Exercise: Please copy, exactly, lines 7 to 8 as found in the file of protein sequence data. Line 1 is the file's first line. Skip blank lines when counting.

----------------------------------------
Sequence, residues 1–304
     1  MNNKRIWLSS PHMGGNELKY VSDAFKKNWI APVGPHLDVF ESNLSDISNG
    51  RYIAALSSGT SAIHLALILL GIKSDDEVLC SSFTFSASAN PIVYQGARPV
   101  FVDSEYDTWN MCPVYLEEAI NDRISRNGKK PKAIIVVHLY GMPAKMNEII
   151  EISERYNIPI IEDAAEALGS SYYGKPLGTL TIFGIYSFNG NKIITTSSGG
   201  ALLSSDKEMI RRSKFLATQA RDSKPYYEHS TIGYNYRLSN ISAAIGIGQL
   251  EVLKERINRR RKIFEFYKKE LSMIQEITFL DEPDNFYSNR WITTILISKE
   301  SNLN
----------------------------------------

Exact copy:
   251  EVLKERINRR RKIFEFYKKE LSMIQEITFL DEPDNFYSNR WITTILISKE
   301  SNLN